If you can't help yourself from getting just a little involved, you could check in with your son's soccer coach. You do not even need to share your own observations of his lack of skill, but ask, "what do you think of his plan to choose a college for their soccer teams? Do you think he's at a high enough level to play in college?" The best-case scenario is you get the surprise of your life when the coach disagrees with your judgment and informs you that your son is indeed a superior player. Because our parent instincts are usually sharper than that, the more realistic scenario is the coach agrees this would be a tough reach. In that case, you can nudge your son and coach in the direction of an honest discussion with each other.

Even if he might be good enough for a less competitive college team, you may not want him placing all of his hopes and dreams on soccer without considering all the other reasons to choose a college. This is worth an honest and open discussion. Depending on how open you think your son will be to this discussion, you could even partner with the coach to discuss the different ways playing college soccer fits into college selection.  

Shift Focus

You reference encouraging your son to branch out, which is where you can leverage some positive influence without having to focus on soccer deficits. When discussing college options, you can broaden his focus by asking questions that remind him of the expansiveness of college opportunities beyond the soccer team. If he has a career goal, it might help him to get excited about programs that have proven pipelines to this career (hopefully it's not to be a professional soccer player). If he loves travel, talk up the junior year abroad possibilities. How you discuss college with him might remind him of the many considerations when making this momentous decision.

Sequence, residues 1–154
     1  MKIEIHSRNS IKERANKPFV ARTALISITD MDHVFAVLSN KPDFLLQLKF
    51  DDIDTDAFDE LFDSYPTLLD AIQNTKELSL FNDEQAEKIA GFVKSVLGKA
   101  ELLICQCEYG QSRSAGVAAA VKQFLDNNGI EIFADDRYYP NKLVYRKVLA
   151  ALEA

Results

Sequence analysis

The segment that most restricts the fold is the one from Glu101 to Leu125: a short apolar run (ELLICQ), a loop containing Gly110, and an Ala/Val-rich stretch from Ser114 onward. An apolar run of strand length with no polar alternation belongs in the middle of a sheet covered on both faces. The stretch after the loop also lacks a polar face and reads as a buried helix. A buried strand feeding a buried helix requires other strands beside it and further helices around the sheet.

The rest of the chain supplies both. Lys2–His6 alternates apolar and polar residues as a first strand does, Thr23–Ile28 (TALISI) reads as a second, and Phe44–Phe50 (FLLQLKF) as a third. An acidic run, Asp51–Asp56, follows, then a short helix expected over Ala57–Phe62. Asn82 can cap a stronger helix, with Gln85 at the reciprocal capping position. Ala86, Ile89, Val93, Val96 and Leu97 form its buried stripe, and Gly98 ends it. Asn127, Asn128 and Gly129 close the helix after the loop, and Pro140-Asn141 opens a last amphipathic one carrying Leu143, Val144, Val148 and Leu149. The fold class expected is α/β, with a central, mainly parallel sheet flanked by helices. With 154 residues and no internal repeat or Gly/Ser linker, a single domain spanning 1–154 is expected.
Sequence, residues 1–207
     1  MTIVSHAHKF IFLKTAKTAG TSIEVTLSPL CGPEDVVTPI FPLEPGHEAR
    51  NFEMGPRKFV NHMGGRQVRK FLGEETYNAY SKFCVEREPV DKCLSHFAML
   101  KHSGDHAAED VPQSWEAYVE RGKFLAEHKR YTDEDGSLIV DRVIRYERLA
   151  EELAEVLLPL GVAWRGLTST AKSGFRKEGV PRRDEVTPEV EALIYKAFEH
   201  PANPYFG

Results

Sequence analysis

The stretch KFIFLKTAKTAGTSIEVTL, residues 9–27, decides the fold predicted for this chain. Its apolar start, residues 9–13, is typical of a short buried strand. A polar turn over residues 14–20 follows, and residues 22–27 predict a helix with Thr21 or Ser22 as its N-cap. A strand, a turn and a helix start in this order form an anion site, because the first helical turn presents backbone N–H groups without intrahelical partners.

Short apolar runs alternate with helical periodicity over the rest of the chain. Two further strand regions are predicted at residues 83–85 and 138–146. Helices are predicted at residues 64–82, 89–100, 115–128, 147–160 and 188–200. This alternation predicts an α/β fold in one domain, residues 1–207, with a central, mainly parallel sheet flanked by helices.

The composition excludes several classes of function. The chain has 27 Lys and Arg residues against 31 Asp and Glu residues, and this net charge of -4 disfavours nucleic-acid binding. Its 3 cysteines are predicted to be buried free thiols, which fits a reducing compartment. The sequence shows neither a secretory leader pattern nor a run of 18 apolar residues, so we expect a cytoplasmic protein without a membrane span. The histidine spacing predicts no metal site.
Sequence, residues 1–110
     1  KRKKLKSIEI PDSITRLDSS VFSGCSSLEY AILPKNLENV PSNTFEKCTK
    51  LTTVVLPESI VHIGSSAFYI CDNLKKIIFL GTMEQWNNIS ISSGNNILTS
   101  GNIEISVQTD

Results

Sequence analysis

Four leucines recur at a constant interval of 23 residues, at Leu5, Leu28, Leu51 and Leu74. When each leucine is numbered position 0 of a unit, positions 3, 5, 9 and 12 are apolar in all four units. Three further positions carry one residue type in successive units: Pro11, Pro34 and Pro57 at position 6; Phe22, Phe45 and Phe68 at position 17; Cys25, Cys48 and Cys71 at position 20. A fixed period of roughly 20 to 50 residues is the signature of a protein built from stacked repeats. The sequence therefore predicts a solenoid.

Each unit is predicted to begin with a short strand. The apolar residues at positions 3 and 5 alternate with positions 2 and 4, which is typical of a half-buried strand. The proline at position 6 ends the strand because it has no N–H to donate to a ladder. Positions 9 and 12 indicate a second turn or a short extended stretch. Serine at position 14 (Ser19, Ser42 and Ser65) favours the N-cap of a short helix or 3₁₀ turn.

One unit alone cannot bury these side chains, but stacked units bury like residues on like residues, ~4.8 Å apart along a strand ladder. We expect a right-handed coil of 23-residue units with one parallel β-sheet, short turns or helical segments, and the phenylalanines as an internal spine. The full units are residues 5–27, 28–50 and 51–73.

Raising Resilience

As your teenage son is maturing and growing away from you and your influence, this is the perfect example when other sources can influence him while you stay on the sidelines of the metaphorical soccer field of growing up. This way, you don't put yourself in a position of hurting his feelings, and you can be there to give him support when he inevitably confronts the difference between his hope and his reality. What is real life, if not a series of these realizations? The more practice he has with managing hard truths, the more resilient he can become over time.

The Bottom Line

Your question opens the floodgates to an important lesson in parenting: how to be our children's biggest believers and cheerleaders, balanced with not falsely inflating self-esteem. Your honest appraisal of your son's skills will actually serve him well, and you don't even have to break it to him yourself. Focus on his love of the sport, encourage pursuing a wide range of interests, and support him through eventual disappointment rather than trying to prevent it by telling him yourself.

Submit your parenting questions here, and they may be answered in future 'Ask Your Mom' columns.

Emily Edlynn, Ph.D., is the author of The Art and Science of Mom parenting blog and a mother of three from Oak Park, Illinois. She is a clinical psychologist in private practice who specializes in working with children and adolescents.